The physical capital of research is also changing, and the result is both greater democratization and increased stratification. Advances in information technology have made it easier for researchers to gain access to data from telescopes and gene sequencers. On the other hand, some research requires direct access to very costly lab facilities and equipment that might be available at only a few institutions and thus to only a handful of researchers. Should this changing landscape influence which types of research deserve government support?

In sifting through the details of how research is conducted today, Stephan does identify a few common problems. The procedures for managing the research enterprise were developed for a much smaller system and need to be updated to today’s scale. Slow growth in available funding has made the system too risk adverse, and the research world has become increasingly inhospitable for young researchers.

Focus on people

The most enlightening and disturbing chapters address the conditions and prospects for young people trying to launch careers in science. These chapters need to be read in full to appreciate the complexity of Stephan’s analysis, and she is too wise to propose a simple solution. But she raises serious questions about the economic efficiency of our current system for training future scientists and makes a strong case that the system is fundamentally organized to serve senior researchers at the expense of the young.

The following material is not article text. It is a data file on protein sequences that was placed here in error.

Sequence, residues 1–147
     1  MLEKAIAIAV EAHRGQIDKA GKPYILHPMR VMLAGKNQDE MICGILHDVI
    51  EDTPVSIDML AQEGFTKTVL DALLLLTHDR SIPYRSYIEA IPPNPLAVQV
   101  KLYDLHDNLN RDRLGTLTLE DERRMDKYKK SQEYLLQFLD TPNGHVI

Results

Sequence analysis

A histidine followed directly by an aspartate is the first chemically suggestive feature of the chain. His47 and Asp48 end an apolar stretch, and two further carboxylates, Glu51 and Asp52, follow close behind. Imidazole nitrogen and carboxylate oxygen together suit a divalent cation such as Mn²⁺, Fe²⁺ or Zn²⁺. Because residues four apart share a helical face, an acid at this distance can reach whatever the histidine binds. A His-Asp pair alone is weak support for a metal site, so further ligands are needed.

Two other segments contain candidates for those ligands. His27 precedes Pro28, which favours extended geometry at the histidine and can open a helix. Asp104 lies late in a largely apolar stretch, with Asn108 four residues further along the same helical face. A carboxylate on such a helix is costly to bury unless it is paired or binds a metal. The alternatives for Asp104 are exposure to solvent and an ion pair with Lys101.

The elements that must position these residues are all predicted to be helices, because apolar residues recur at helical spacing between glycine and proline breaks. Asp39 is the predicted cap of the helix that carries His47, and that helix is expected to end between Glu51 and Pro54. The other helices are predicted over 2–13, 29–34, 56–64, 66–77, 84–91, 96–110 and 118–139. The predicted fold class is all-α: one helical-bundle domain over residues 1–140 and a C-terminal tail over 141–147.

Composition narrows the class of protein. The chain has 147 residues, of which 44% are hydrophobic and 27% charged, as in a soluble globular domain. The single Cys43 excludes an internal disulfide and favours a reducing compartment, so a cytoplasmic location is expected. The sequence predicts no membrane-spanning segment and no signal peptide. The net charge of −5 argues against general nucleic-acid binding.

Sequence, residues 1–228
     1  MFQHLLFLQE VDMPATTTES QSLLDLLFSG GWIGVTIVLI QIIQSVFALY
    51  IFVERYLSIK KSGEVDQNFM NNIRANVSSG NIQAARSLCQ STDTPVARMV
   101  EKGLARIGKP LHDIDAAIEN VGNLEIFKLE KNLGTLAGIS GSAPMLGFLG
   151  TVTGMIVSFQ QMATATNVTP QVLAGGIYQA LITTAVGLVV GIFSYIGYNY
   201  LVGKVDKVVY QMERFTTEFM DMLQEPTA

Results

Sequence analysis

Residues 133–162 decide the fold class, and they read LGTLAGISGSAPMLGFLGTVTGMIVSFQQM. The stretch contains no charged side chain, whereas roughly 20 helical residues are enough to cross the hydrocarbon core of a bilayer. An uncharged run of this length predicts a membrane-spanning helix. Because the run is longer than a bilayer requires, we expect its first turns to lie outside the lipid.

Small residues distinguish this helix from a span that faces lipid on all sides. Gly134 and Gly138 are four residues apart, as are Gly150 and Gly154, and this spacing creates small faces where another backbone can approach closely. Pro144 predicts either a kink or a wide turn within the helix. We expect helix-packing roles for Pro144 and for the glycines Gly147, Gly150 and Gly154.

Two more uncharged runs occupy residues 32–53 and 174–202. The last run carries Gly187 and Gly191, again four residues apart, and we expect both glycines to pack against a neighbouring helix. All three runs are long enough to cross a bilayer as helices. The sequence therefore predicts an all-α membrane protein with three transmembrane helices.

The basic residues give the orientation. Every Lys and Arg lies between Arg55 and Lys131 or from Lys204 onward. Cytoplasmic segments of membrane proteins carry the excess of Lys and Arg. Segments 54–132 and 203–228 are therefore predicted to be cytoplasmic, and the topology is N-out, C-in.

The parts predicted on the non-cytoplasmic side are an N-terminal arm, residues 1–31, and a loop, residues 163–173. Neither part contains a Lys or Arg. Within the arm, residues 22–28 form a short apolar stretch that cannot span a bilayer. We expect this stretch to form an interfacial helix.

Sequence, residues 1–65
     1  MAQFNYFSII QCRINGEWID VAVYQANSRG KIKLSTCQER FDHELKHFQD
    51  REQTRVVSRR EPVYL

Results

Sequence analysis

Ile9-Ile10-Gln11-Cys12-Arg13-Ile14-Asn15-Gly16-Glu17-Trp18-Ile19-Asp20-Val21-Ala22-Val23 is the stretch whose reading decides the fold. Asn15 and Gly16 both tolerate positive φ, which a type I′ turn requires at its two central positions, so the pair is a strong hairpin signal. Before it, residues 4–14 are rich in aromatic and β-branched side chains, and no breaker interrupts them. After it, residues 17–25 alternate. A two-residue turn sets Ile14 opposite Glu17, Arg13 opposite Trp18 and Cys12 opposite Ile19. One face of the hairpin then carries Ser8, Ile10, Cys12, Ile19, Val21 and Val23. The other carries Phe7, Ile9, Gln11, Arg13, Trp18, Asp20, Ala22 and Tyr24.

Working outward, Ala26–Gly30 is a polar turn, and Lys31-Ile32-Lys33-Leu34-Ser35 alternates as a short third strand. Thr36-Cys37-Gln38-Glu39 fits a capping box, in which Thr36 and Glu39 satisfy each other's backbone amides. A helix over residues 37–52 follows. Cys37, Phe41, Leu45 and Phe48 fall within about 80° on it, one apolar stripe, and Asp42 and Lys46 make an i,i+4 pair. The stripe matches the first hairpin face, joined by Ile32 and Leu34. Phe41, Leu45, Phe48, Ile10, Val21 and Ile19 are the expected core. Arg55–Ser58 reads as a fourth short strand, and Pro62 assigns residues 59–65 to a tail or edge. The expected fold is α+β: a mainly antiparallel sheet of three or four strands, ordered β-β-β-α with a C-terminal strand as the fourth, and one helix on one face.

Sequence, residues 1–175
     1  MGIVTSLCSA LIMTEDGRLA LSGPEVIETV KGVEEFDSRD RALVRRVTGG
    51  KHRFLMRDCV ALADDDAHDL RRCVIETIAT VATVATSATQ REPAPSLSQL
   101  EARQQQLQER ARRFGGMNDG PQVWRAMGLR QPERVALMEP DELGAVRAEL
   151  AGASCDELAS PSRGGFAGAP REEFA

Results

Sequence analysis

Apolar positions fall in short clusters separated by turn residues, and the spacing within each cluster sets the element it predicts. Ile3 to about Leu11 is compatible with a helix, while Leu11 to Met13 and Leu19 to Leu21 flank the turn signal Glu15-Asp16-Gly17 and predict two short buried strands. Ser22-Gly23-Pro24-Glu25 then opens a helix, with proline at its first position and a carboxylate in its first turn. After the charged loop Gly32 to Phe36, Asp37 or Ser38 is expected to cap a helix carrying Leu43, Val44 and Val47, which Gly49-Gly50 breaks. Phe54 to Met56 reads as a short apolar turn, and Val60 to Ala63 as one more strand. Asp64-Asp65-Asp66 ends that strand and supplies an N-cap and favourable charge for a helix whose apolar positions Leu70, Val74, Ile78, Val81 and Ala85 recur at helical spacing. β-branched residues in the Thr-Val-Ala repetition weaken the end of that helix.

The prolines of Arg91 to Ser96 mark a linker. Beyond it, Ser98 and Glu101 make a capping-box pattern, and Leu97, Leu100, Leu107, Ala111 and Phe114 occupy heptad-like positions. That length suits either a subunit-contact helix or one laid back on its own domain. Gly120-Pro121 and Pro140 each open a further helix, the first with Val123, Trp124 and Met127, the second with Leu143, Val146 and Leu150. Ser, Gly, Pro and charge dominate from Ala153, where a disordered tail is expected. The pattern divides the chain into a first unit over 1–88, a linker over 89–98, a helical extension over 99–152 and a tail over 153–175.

This imbalance prevails partly because 44% of U.S. PhD degrees in science and engineering are awarded to students on temporary visas and that almost 60% of postdocs are on temporary visas. Stephan devotes an entire chapter to the plight of many young people who come to the United States from other countries for graduate school and postdoctoral training. These talented young people contribute hugely to research during their training, and most find a way to stay in the United States when their training ends. But Stephan points out the risks of depending on foreign talent. Many countries are devoting resources to attracting scientists and engineers back home, and a sudden change—such as a Chinese ban on study in the United States—could be very disruptive. Stephan does not reach firm conclusions on whether foreign students are “crowding out” native citizens from science and engineering careers, but she does find evidence that the influx of foreign-born postdocs is depressing wages.

When Stephan returns at the end of the book to the relationship of science to economic growth, she aims to disabuse readers of simplistic notions of how university research leads, albeit slowly, to private sector innovation and increased economic productivity. She explains that innovation entails much more than new science and technology, that university intellectual property practices can sometimes slow technology transfer, that the training of researchers who will work in industry is of more immediate value than the research done in university labs, that spillover effects from research done in firms play a critical role. This is not to deny the important contribution of publicly funded research conducted in universities. But it helps us see that making the most of the national investment in research is not a simple matter.